Investors observe stock market at an exchange hall on January 6, 2016 in Beijing, China.
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While Asia stocks entered a bull market in January, the benchmark index for the region has since fallen more than 5% from its peak.
The region’s rally – supported by China’s reopening – seems to have hit a wall, but economists say MSCI’s broadest index of Asia-Pacific shares outside Japan has further room to run.
Nomura Asia-Pacific equity strategist Chetan Seth said the firm expects the index at 700-levels by the end of this year – that’s 8% higher than current levels as of Wednesday.
“We think Asian stock valuations are still modest,” Seth said, pointing out the region’s forward price-to-earnings ratio of 12.9 despite the rally – versus the U.S. market valuation of 18.5.
Seth added that China’s economic and earnings recovery would provide further support as well as a recovery in fundamentals for technology, memory chips and semiconductors by the second half of this year.
He said recent U.S. data show further uncertainties lie ahead for inflation and economic growth.
“In the near term, Asian stocks will unlikely like this uncertainty and thus we expect some near-term volatility until a trend in the data is formed again,” he said.
JPMorgan also anticipates the MSCI Asia-Pacific ex-Japan index will reach 700-levels this year.
“After this current period of consolidation, we anticipate the MXASJ to test our bullish target for 2023 in 2Q2023,” said Wendy Liu, JPMorgan’s chief Asia and China equity strategist.
“The MXASJ may fall [or] consolidate in 3Q on macro resilience concerns before recovering in late 2023 for a synchronized global growth recovery in 2024,” Liu said.
Victoria Harbor and Central Financial District, Hong Kong, China. (Photo by: Bob Henry/UCG/Universal Images Group via Getty Images)
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Recession fears loom for the eurozone and the U.S. after global central banks aggressively hiked rates to tame inflation. Uncertainties surrounding China’s shift away from its zero-Covid policy also continue to linger.
“These uncertainties are more likely to dent than to derail the structural positive forces we see in Asian economies,” said Minyue Liu, BNP Paribas’ investment specialist on Asian and global emerging market equities, adding that these factors will only contribute to volatility in the near term.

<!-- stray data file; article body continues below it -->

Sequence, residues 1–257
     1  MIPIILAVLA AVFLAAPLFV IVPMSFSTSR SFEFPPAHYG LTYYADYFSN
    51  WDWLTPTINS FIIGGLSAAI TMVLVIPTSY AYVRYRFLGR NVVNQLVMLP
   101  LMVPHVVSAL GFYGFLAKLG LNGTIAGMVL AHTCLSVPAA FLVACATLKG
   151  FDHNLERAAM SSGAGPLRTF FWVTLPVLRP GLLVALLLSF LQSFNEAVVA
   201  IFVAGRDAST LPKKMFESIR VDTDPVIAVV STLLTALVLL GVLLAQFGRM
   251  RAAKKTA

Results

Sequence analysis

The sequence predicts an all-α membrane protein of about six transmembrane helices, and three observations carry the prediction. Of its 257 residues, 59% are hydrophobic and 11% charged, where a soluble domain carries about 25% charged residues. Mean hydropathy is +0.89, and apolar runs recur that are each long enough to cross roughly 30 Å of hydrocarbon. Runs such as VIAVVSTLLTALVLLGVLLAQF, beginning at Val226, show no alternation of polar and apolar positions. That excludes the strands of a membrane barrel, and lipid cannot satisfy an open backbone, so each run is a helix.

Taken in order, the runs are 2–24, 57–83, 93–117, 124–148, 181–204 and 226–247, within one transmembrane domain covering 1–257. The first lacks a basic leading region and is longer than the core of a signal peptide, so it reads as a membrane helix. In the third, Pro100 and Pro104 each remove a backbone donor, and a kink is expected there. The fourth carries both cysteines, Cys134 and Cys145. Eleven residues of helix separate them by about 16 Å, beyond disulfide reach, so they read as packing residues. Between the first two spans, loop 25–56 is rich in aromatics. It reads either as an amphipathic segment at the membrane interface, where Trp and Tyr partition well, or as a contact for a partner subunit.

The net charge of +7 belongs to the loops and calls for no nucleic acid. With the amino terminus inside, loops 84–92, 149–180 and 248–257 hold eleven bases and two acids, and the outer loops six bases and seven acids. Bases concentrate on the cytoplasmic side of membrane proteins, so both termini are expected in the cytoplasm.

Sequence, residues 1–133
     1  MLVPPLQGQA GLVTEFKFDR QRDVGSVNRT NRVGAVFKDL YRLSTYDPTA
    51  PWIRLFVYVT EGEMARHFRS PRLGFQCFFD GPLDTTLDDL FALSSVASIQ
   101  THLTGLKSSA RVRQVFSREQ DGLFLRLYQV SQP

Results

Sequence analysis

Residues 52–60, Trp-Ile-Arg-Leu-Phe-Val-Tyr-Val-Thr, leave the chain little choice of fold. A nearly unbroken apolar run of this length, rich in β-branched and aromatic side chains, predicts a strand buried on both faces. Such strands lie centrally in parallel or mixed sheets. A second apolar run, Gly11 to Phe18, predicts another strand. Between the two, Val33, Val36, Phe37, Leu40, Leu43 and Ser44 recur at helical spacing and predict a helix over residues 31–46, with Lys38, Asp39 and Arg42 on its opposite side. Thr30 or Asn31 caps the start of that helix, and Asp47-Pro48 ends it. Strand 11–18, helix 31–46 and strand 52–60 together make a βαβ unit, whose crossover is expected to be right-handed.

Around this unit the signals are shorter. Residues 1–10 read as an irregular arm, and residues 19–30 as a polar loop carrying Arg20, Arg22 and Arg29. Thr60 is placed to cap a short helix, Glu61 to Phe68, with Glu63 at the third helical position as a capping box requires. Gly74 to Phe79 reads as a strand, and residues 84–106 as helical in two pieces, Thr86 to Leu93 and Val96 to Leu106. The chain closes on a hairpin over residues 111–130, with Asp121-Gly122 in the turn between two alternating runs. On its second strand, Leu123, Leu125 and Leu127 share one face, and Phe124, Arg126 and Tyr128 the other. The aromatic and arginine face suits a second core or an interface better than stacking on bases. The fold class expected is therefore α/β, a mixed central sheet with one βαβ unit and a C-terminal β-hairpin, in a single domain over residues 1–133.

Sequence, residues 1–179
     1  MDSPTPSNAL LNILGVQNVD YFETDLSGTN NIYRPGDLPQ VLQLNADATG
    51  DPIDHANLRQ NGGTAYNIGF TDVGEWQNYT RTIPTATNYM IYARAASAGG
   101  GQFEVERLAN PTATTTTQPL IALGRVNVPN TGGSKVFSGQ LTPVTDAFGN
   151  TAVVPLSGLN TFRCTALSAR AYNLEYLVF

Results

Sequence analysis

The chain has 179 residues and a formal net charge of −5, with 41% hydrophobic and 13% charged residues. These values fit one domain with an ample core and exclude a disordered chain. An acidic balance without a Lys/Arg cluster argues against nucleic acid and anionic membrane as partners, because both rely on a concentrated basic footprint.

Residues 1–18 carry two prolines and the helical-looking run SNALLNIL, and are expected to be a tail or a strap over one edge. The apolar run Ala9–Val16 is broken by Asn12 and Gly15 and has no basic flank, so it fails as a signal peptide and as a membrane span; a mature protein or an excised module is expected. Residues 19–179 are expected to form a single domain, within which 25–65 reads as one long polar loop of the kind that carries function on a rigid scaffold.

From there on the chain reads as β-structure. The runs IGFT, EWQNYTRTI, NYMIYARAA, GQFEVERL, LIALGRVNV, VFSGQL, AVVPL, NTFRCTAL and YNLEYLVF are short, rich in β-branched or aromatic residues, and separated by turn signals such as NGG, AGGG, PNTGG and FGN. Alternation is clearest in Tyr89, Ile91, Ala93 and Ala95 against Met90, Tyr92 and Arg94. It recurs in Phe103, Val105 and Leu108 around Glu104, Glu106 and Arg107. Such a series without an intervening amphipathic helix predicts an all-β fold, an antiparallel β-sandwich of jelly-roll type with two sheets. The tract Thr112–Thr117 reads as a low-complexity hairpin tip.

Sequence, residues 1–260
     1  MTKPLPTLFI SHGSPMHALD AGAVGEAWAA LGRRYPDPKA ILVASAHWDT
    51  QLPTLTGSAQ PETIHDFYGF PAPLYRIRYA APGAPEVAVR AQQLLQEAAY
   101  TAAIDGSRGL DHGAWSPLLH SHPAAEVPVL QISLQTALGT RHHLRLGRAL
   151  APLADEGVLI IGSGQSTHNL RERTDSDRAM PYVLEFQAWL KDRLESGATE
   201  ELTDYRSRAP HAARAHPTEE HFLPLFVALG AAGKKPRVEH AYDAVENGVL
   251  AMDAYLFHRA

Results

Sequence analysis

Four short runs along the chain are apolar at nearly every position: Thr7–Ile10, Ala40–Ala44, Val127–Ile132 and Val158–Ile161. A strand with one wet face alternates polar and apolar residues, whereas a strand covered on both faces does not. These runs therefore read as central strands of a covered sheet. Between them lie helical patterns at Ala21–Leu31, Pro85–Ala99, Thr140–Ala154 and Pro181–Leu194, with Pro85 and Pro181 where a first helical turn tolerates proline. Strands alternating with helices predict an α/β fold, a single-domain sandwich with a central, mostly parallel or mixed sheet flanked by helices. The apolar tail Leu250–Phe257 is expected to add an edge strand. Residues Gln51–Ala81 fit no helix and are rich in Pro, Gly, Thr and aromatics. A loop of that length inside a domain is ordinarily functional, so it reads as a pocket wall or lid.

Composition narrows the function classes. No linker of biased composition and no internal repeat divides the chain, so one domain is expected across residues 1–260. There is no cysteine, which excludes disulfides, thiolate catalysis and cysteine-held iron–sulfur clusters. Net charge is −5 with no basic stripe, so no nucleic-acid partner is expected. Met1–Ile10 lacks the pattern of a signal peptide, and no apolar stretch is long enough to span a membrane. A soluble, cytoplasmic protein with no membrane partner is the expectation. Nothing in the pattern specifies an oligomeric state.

“Modest valuations, light investor positioning and good fundamentals are buffers that should help Asian stocks withstand near-term volatility,” BNP’s Liu said.
She added that domestic demand in the region will be the “driver of economic growth,” and she expects trade volumes to recover with China’s market reopening.
China’s policies will continue to be a key factor in driving further growth for Asia-Pacific stocks.
CMC Markets analyst Tina Teng said the latest declines in Asia-Pacific stocks may have been due to investors who were eager to tap into China’s reopening.
“Asian market’s pullback in February may have been caused by a technical correction after a multi-month rally as the markets have been overbought when China started its U-turn in the Covid-zero policy, which fueled the rebounding optimism before materially seeing a promising economic recovery of the country,” she said.
“I still expect the Asian stock markets will outperform their U.S. peers after a short-term correction on China’s reopening in 2023,” she said.
Credit Suisse’s chief investment officer John Woods said China’s onshore investors may be the key factor to driving the rally further.
“One missing piece in the China equity rally so far has been the low participation by onshore investors, which we expect to reverse as data – and confidence – improves,” he wrote in a note.
“We anticipate the macro momentum to extend well into Q2, which should give further legs to the rally in equities,” he said.
Correction: This story has been updated to correct the spelling of Nomura strategist Chetan Seth’s name.